Holiday debt can linger well into your new year plans and it might not be the best way to start your year. It could put you at a disadvantage especially if you already have your finances and even household budget set for the year. Having to take on debt from last year can throw you off-guard and make it hard for you to budget.
Check your credit card statement
One of the very first items you need to look at when you are still dealing with holiday debt at the start of the year is your credit card debt. There is a big chance that a lot of your leftover debt from the holidays are in your credit cards. You could have received the statement at the end of December and carried those payments over to this year.
One good thing you have going for you is that you can easily cross-check all the charges you made on the card with the statement you get. All your purchases are listed down and you need to go through them one by one. For one, it helps you understand where your debt obligation is coming from. You understand how much you need to pay back from all your holiday expenses.
As you go through your credit card statement, you can also start looking for discrepancies. Compare what you bought against what is listed down on your statement. If there is a purchase or amount you do not recognize, call the attention of your lender immediately. There are times when these types of mistakes point to an even bigger problem. Biometric Update shares how identity theft now involves deep fakes taking it to a whole different level.
Audit your finances particularly your income
In order to address holiday debt at the start of the year, you need to make sure where you stand financially especially when it comes to your income. After you have identified and verified the exact amount you need to pay back, the next step is understanding how much you can put towards that debt payment.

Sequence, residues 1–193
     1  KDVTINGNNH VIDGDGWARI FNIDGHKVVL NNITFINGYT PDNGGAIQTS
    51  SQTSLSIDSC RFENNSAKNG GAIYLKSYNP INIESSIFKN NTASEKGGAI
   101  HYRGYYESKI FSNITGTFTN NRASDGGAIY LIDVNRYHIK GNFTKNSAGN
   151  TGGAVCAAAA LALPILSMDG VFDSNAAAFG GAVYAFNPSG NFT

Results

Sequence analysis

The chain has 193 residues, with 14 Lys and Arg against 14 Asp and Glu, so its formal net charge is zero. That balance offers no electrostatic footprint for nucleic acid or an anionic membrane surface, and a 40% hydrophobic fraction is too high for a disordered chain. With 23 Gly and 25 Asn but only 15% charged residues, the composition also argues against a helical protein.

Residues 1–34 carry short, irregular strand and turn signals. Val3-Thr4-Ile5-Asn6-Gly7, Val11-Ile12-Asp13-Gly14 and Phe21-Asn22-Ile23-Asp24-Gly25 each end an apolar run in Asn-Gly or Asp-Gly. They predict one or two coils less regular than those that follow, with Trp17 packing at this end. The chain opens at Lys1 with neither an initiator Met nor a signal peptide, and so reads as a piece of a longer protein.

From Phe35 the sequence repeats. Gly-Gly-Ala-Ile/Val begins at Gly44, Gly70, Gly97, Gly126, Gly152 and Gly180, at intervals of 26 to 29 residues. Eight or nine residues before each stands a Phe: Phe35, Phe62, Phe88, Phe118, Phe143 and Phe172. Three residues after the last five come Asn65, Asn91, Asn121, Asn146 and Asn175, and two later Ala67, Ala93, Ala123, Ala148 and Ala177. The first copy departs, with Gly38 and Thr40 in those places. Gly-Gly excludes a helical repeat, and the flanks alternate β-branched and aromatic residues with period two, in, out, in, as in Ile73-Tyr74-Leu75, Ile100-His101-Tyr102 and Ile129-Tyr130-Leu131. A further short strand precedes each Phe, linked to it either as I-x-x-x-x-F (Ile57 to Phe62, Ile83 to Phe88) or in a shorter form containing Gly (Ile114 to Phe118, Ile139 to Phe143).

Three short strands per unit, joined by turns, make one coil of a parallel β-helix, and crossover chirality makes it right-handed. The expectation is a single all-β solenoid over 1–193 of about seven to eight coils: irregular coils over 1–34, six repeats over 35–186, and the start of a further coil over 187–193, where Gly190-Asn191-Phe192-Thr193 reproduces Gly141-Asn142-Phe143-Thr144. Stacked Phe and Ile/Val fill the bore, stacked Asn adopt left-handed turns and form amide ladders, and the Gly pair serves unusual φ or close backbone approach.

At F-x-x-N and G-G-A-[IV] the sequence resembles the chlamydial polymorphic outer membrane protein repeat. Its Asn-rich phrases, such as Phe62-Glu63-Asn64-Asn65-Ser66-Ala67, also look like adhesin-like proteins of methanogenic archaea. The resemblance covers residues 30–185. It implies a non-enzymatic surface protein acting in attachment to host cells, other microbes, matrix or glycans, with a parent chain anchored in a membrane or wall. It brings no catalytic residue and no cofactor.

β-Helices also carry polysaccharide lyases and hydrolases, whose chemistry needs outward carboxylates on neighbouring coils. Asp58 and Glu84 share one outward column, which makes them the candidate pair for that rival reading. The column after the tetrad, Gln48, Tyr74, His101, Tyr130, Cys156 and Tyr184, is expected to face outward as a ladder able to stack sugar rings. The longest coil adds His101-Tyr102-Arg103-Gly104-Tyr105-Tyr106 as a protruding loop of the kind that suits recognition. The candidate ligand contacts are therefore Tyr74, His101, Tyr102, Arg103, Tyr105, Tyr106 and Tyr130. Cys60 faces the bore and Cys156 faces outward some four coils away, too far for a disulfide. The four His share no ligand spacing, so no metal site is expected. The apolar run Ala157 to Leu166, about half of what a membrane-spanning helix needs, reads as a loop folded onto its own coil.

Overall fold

Remember that this is a spillover of what you spent last holidays which could be on top of your regular household budget. CNBC shares that about 28% of shoppers came into the season with debt from previous holidays. You might just go ahead and pay everything down in one month but without consulting your budget, you could be putting unnecessary and completely avoidable stress on your finances.
Having a clear understanding of your budget especially your income gives you a clear picture of your ability to pay. You need this to know how you can move forward with your payments. Putting together a repayment plan is a lot easier when you have an idea of how much you need to pay back and how much you can pay.
Pay down holiday debt
Now that you have an idea of how much you need to pay and how much you can afford, putting a plan together will be of no use if you do not follow through. This is similar to having a household budget but choosing to just leave it at home and not use it. The effort you have put into creating that plan will be put to waste.
You have to commit to making the payments until you pay the debt obligations you incurred over the holidays. The longer it stays with you, the more expensive it will become for you. You could be paying fees, penalties, and other charges on your card when you choose to pay just the minimum. More so when you start missing payments.
The minimum payment on your card keeps you current but allows your lender to charge you more in succeeding months. As you pay down debt, find a way to put more than just the minimum on your card. Not only will you be able to save money this way, but it also gives you the chance to pay down the debt much faster.